Novo Nordisk and its profit-growth plans hit a roadblock earlier this year when the FDA refused to approve its new diabetes drug, Tresiba, without a new safety study. But CEO Lars Sorensen thinks he has an alternate route through a new weight-loss indication for the already top-selling Victoza.
When can a drugmaker beat earnings expectations and project a 10% boost in profits for the year and still end up disappointing investors? When that drugmaker is Novo Nordisk, the world's largest insulin maker, focused on a rapidly growing treatment area with investors expecting more, more, more.
As new diabetes drug Tresiba inches its way toward approval, Novo Nordisk and rival Sanofi have put up dueling studies and generated dueling headlines. But their rivalry extends beyond those two headlining drugs, Bloomberg reports.
Sanofi had better not get complacent about its place in the diabetes drug market. Novo Nordisk's new chairman still has his sights focused squarely on the the U.S. market where Sanofi's long-acting Lantus now rules supreme.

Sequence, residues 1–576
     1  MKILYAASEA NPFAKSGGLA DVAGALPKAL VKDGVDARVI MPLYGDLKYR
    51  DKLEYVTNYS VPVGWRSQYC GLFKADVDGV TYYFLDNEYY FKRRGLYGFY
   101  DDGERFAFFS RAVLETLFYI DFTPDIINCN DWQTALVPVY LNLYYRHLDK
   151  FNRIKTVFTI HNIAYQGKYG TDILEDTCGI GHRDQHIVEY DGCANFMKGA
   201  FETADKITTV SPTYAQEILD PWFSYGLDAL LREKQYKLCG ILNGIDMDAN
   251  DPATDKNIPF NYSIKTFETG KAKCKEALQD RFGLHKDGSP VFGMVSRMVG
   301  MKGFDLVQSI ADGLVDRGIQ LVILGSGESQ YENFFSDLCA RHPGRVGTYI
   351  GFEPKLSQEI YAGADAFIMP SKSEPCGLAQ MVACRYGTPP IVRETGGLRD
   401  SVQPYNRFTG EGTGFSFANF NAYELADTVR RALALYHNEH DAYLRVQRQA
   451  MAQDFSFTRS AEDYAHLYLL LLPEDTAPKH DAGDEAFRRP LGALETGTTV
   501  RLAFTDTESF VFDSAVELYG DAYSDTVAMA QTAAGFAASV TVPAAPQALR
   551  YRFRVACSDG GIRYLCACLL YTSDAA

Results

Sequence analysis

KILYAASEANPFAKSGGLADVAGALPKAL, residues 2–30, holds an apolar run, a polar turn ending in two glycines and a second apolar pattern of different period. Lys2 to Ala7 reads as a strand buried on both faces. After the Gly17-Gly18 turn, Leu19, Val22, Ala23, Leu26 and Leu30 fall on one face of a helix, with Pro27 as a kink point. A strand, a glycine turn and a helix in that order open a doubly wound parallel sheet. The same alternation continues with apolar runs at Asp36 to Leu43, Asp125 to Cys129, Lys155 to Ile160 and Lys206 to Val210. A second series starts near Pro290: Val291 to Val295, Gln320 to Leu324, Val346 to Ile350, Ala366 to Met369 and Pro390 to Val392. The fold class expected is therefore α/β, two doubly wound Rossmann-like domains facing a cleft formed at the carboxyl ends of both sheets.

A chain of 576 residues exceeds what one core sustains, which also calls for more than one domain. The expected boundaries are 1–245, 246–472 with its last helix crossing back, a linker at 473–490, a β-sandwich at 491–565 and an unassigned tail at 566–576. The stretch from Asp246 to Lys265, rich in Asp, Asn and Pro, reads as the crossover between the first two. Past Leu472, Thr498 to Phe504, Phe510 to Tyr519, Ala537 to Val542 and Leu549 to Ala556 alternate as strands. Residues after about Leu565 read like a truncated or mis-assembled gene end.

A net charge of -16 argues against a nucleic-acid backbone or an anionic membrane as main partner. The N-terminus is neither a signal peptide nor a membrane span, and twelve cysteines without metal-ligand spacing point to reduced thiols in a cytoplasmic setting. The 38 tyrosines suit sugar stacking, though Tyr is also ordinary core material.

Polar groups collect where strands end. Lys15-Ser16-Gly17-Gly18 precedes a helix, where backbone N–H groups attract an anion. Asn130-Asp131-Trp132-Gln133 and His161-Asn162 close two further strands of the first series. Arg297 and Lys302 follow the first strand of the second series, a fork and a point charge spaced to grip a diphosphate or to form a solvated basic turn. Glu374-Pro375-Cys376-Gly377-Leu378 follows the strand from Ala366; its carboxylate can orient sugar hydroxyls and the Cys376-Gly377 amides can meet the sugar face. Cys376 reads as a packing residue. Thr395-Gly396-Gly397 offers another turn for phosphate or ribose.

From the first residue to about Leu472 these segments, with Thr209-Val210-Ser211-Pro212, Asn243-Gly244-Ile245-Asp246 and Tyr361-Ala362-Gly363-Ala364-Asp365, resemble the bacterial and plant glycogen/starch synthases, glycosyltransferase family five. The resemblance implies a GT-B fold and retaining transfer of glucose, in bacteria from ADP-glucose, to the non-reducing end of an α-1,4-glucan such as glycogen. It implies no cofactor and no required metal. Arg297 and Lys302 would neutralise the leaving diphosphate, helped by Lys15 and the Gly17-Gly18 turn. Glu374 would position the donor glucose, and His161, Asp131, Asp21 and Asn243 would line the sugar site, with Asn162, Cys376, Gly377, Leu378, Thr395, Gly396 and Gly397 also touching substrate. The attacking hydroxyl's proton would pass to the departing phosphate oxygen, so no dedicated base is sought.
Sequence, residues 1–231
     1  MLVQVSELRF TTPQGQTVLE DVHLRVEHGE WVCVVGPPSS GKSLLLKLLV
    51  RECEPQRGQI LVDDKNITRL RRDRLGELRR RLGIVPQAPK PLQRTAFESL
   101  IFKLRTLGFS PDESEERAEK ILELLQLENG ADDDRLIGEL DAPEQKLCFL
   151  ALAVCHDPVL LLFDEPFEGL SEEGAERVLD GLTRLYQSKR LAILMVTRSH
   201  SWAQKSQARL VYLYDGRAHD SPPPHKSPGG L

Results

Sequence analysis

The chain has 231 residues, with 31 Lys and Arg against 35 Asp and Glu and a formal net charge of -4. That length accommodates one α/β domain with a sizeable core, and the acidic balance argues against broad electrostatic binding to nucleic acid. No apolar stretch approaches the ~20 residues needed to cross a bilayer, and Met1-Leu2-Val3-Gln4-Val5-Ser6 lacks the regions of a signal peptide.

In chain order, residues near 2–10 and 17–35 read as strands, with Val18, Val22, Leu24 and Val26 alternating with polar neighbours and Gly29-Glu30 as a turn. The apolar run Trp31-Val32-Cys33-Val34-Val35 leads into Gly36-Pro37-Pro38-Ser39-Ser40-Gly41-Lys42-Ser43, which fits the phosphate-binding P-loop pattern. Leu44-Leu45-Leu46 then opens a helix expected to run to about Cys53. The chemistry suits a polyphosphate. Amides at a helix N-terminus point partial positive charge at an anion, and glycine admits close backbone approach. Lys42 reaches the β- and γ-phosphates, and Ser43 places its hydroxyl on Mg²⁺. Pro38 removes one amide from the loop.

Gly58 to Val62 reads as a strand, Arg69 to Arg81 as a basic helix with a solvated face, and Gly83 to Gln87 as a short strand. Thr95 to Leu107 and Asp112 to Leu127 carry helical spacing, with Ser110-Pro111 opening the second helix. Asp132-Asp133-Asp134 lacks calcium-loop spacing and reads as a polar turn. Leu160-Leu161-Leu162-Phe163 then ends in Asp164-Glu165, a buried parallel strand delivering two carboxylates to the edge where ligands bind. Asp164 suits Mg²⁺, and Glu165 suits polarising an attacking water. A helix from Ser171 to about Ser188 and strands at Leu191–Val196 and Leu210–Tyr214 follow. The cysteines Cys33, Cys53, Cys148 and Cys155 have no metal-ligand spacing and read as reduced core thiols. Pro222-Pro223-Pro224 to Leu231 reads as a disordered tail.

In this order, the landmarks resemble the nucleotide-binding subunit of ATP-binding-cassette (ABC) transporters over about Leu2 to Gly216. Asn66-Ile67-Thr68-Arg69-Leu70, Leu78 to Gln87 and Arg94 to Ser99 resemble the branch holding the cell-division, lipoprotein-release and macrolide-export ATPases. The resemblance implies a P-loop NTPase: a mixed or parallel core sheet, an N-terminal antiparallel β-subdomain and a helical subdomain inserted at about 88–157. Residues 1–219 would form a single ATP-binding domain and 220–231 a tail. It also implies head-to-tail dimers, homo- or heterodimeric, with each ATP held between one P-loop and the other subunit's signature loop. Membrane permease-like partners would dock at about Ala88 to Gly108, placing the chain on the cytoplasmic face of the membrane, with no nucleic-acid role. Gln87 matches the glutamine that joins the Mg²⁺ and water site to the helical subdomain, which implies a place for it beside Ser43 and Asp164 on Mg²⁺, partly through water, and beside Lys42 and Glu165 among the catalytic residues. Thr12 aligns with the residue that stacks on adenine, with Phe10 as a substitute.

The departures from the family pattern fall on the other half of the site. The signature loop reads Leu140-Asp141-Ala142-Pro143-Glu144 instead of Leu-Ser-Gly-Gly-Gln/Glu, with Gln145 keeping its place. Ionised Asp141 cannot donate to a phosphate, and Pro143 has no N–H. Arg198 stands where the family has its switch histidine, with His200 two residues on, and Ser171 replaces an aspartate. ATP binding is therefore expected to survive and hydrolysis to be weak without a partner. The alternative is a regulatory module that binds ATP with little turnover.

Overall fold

It is little compensation for being shut out of the U.S. market with its best new product, but Novo Nordisk said it will price Tresiba at a premium in Europe, where the product is facing off against market leader Lantus.
Sanofi's Lantus will remain the heavyweight champion awhile longer. The FDA sent Novo Nordisk back to the training room with its long-acting insulin Tresiba, leaving Lantus unchallenged in its class.
The FDA has handed Novo Nordisk a stunner, ordering the pharma company to complete a new cardiovascular safety study of the long-acting insulin Tresiba before it can be approved in the U.S.
Novo Nordisk racked up some impressive gains in 2012: Sales up 18%, net profits up 25%, EPS up 30%, gross margin up 1.7 percentage points. And the company hiked its forecast for 2013, now that its new diabetes drug Tresiba has won European and Japanese approval--and the company has greater hope for an FDA nod.
Novo Nordisk ($NVO) is ready to roll with its new diabetes drug Tresiba--in Europe, at least. The company won regulatory approval for the potential blockbuster yesterday, setting up a mano-a-mano fight with Sanofi's ($SNY) long-dominant treatment, Lantus.
Lars Sorensen's plans to build Novo Nordisk into one of the world's biggest drugmakers got a big boost with the news that the European Commission has approved Tresiba, its long-acting insulin, which will now be positioned as a rival to Sanofi's megablockbuster Lantus. Novo also gained approval in Europe for the insulin Ryzodeg.